On 5 July 2007, the German Parliament (Bundestag) passed the so-called “Second Basket” of copyright law reform which still has to be approved by the Federal Council of Germany (Bundesrat). The Second Basket is intended to follow-up the first reform enacted in 2003 and to adapt German copyright law to the “digital age”. The key reforms include the following:
Private copying of technically non-copy-protected material will continue to be permitted. However, there is no “right of private copying” at the expense of rights holders. Therefore, the new law contains an important clarification: if it is obvious to the user of a peer-to-peer file-sharing network that a particular film or music recording is being offered unlawfully on the Internet – for example because it is clear that no private internet user owns the rights to offer a current feature film on the internet – then the private copying of that material is not permitted.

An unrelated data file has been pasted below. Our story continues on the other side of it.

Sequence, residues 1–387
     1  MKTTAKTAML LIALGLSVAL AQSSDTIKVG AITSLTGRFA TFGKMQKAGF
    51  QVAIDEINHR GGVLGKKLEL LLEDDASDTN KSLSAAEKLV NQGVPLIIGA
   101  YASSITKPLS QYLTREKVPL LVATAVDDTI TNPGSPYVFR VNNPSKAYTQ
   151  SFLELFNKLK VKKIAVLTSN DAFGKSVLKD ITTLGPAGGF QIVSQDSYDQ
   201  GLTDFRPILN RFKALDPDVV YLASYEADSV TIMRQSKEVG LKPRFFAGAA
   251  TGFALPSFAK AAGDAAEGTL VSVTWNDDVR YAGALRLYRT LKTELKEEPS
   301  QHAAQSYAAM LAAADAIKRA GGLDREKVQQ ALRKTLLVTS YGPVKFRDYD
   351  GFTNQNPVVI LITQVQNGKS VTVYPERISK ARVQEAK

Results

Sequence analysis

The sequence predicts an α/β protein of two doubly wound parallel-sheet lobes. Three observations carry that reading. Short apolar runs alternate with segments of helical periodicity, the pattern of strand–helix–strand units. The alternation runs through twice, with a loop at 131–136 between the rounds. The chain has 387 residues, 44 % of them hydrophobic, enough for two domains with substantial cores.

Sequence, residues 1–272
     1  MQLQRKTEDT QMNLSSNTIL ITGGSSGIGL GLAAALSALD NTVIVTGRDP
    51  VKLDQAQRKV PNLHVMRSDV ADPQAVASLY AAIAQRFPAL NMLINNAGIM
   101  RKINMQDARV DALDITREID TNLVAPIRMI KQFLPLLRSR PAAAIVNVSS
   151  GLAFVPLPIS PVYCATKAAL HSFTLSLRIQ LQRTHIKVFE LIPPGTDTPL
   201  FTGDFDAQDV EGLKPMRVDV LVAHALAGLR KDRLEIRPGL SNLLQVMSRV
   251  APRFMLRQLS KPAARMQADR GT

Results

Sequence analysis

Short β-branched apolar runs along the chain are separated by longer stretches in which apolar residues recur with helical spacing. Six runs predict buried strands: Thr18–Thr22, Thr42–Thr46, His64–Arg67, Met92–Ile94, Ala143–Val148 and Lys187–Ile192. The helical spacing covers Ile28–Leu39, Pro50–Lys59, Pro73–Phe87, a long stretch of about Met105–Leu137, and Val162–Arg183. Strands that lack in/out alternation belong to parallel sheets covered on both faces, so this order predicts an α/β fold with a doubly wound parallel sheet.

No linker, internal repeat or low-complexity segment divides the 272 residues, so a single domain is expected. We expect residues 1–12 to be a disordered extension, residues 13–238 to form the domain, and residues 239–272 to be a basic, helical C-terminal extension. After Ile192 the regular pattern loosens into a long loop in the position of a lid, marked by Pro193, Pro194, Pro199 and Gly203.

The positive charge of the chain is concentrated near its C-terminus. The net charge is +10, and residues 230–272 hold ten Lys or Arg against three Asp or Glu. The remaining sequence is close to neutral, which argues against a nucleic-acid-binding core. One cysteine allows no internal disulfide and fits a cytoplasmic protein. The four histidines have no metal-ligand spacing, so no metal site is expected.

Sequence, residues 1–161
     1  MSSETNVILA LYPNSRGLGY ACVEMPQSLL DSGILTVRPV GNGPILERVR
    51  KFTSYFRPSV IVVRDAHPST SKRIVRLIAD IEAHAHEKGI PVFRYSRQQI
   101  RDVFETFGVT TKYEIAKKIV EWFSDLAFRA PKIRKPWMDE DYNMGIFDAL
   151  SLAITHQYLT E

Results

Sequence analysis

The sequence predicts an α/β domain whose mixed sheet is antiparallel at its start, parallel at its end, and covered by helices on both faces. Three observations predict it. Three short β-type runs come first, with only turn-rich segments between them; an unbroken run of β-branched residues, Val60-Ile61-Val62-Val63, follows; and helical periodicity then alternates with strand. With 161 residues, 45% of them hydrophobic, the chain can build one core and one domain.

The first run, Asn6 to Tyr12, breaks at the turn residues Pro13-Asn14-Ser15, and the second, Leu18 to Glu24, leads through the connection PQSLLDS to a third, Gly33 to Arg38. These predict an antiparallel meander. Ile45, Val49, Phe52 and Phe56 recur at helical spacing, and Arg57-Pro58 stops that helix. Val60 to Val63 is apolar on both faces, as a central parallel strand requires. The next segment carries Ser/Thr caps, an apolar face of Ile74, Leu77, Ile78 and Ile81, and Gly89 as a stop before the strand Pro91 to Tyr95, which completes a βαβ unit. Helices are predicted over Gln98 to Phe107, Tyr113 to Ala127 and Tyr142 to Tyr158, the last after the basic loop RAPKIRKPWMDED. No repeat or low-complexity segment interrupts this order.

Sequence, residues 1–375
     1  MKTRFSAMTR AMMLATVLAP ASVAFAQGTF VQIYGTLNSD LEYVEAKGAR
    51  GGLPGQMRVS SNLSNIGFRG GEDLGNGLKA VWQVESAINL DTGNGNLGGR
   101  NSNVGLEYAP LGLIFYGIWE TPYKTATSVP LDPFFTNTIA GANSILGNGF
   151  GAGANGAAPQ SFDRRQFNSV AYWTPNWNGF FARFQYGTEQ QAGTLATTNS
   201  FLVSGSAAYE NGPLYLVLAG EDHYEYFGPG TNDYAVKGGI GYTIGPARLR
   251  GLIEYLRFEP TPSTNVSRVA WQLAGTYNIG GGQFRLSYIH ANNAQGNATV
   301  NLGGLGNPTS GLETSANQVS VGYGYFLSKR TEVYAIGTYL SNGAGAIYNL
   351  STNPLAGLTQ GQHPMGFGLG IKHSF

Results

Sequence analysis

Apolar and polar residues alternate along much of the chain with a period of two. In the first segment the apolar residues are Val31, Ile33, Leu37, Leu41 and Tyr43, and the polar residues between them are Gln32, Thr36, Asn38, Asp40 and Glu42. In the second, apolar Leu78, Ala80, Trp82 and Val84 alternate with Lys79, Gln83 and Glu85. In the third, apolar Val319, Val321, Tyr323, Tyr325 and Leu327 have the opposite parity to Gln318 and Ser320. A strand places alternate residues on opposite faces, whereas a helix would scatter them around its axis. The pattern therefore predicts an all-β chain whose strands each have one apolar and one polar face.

The actual lump-sum payment which copyright holders receive as compensation for permitted private copying derives from a levy imposed on equipment and storage media and is distributed by collecting societies. Pursuant to the new law, levy rates will be negotiated in the future between the collecting societies and the equipment and storage media producers. This market-oriented model is designed to to facilitate a more flexible response to new technological developments and to allow agreements on levy rates to be reached more quickly.
The reform will also expand the freedom of authors to grant copyrights: Up to now, the scope of rights which an author was able to grant to third parties was restricted to existing exploitation methods. For example prior to the “digital age” even an all-embracing granting of rights did not include the unkonwn future online use via internet. For the use of “old” works in a “new” way the authors or their heirs had to be asked and had to agree to the new method of exploitation. Under the draft bill, authors and copyright holders will be able to dispose contractually of their rights with respect to any kind of future use whether known or unknown at the time of the signing of the contract.